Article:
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    Re: I have 40 acres in the desert... now what?

    Have you looked at solar "Air Water Harvesting" as a source of water?
     
  9. 9anda1f

    9anda1f Administrator Staff Member

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    Re: I have 40 acres in the desert... now what?

    Hey Ben,

    I stumbled on this book which may be of help:

    "Growing Food in the High Desert" by Julie Behrend Weinberg
    https://books.google.com/books?id=xiazsgs7zwQC

    I really enjoyed reading about the underground complex near Fresno. Kinda opens up a whole new perspective on things, doesn't it? :eek:
     
  10. sweetpea

    sweetpea Junior Member

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    Re: I have 40 acres in the desert... now what?

    Ben, sounds like an adventure. I guess you know about the aerospace industry there, Boeing, Lockheed and airforce? Lots of jets practicing overhead, and isn't it one of the famous places for UFO citings? Gotta love it! The main thing I'm grateful for at my place is water, water and water. Nothing works without it. Since you're in the desert it's unlikely you'll get much condensation to try and dry farm it. Collecting the average 8 inches a year off your roof would be crucial unless...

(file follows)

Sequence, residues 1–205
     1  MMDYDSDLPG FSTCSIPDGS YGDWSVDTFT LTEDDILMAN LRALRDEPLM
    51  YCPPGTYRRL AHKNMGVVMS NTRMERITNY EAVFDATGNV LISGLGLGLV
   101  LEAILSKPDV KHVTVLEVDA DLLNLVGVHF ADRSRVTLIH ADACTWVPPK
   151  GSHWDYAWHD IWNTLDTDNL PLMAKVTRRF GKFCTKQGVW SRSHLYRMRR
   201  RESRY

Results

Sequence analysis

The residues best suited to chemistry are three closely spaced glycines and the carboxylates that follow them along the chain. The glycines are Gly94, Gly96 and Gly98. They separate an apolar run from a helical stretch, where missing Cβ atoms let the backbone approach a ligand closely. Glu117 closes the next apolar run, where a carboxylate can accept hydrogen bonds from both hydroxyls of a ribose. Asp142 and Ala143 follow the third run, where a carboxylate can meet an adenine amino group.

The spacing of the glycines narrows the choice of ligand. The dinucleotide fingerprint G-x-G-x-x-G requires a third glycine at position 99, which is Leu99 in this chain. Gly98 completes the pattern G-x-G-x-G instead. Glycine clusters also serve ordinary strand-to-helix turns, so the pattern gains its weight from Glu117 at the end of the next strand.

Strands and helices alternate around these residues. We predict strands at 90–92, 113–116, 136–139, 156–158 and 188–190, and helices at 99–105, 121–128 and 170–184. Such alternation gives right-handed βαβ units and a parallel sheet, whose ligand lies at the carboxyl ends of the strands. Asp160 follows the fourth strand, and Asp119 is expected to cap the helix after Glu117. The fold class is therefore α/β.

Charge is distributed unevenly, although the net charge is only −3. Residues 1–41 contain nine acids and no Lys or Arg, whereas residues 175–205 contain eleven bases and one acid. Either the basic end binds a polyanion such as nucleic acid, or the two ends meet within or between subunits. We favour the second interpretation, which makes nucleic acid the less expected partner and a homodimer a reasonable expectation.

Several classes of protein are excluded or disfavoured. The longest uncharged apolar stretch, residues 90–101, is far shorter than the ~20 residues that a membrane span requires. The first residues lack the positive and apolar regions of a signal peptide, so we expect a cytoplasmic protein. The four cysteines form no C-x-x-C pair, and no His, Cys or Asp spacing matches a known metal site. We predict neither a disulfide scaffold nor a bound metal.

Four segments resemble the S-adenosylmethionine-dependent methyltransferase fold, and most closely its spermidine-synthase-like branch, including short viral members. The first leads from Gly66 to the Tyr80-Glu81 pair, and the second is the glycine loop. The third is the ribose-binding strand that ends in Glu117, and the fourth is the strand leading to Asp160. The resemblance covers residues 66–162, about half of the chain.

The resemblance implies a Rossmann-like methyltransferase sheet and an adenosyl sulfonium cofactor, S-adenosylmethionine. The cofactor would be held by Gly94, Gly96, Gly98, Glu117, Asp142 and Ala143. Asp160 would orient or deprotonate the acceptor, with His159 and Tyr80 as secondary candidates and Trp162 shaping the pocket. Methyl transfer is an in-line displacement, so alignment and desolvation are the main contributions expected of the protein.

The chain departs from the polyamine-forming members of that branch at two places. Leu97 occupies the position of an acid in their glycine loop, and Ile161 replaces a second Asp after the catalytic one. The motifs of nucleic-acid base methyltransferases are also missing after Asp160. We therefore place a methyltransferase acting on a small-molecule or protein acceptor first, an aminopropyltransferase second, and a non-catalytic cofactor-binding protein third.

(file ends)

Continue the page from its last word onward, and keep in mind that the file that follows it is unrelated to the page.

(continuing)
Do you know anything about witching water? Using divining rods and finding underground sources. All those native palms there are finding it, so if you have a chance to try it with brass rods or willow branches, or find someone who can, and see what kind of results you get. Even a slow running well (run by solar or wind power) can fill large tanks over a few days.

    Then just how sandy is your soil? Have you tried the water drainage test? Dig a hole, fill it with water and time how long it takes to empty out. If it's really sandy it won't hold water. So amending that soil might be a big job.

    You could probably get wind power and solar power to work well there. That might actually be what you can harvest best. Sell it back to the grid, if the main power company there is capable of accepting it and paying you for it. Be sure they don't mislead you by saying they are working on it, that means they aren't prepared to take whatever power you have. Talk to others there who are already selling it back.